Improving landholder engagement in biodiversity conservation: what can be learned from literary theory and design.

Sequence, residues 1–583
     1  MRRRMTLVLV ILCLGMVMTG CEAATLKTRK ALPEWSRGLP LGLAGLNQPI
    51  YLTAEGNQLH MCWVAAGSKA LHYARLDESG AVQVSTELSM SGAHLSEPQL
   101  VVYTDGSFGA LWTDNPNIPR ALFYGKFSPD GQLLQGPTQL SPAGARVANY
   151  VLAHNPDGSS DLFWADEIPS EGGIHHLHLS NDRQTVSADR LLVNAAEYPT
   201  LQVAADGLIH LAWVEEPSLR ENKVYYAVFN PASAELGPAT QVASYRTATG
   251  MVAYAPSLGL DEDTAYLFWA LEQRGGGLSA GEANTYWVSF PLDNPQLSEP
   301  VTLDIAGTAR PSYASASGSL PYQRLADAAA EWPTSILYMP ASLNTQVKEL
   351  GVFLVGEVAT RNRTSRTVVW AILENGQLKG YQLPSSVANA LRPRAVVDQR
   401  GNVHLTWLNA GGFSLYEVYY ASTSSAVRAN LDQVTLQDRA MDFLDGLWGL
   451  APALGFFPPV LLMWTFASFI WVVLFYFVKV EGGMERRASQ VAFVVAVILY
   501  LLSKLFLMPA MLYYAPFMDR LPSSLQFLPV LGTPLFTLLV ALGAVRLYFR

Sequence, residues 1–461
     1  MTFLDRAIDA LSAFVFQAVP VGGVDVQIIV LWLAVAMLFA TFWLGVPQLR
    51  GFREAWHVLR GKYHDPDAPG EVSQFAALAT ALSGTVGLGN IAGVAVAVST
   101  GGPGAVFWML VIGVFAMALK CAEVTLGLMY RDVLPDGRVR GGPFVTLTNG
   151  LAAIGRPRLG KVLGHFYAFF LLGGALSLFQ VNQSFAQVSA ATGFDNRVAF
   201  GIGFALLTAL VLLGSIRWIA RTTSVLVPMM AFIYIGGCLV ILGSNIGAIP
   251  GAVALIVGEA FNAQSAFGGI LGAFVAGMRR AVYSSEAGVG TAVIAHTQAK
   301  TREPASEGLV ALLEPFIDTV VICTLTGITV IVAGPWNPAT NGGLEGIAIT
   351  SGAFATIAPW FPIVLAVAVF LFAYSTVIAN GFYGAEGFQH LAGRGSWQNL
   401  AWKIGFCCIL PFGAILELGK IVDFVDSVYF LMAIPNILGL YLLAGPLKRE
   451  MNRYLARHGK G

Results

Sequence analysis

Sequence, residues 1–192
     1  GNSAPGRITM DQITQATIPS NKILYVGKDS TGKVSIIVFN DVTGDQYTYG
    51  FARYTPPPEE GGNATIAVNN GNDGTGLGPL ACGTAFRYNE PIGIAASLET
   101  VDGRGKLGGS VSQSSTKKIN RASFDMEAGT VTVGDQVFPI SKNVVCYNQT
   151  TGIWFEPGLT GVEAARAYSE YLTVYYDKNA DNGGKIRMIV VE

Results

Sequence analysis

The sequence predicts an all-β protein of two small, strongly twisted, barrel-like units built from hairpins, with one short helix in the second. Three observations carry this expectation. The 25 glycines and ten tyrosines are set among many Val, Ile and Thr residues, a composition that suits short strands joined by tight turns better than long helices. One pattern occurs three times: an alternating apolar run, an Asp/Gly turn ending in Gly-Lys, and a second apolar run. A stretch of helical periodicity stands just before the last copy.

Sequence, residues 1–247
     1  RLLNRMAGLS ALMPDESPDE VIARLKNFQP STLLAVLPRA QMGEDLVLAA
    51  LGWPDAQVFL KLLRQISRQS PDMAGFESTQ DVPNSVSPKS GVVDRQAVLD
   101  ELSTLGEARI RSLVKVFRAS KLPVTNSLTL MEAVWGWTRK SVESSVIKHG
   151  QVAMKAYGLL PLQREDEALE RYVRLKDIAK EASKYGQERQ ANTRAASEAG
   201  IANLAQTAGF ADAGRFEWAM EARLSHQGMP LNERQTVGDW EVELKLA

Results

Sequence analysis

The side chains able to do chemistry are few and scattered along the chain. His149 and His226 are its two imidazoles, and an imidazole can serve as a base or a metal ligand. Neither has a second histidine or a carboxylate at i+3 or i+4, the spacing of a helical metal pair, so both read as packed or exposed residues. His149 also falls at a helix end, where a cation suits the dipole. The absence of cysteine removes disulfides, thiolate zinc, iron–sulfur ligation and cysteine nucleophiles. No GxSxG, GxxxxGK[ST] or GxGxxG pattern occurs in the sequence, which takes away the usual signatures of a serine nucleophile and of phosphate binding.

Drawing on a case study of an ecological assessment report used in part for landholder engagement by an Australian government biodiversity initiative, this paper illustrates how literary theory and design might aid in designing improved versions of documents and communications used to engage and inform landholders, which may contribute to improved biodiversity outcomes. Biodiversity monitoring and reporting documents used by ecologists to record and communicate data can be required to fulfil different and often contrasting purposes when used in multi-stakeholder situations. Documents might need to stand up to the scrutiny of different disciplinary domains, such as law, ecology and business, while also informing, entertaining and communicating at an emotional level. In this sense, the design of such documents is a significant challenge, made more difficult by the siloing of disciplinary knowledges that deal with ecological and social concerns. Attention to the design of documents and their role in a broader service system is argued to be an important perspective alongside research into conservation management that focuses on the psychological motivations of landholders and environmental management, planning and governance.